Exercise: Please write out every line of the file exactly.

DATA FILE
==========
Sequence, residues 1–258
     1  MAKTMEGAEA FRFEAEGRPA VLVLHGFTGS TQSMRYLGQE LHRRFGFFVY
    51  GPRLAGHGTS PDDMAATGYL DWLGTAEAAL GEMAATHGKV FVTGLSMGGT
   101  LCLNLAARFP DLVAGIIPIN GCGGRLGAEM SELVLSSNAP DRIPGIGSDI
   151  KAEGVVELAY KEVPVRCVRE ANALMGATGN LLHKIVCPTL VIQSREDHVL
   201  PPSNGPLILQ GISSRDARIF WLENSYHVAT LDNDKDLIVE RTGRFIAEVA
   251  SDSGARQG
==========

Sequence, residues 1–258
     1  MAKTMEGAEA FRFEAEGRPA VLVLHGFTGS TQSMRYLGQE LHRRFGFFVY
    51  GPRLAGHGTS PDDMAATGYL DWLGTAEAAL GEMAATHGKV FVTGLSMGGT
   101  LCLNLAARFP DLVAGIIPIN GCGGRLGAEM SELVLSSNAP DRIPGIGSDI
   151  KAEGVVELAY KEVPVRCVRE ANALMGATGN LLHKIVCPTL VIQSREDHVL
   201  PPSNGPLILQ GISSRDARIF WLENSYHVAT LDNDKDLIVE RTGRFIAEVA
   251  SDSGARQG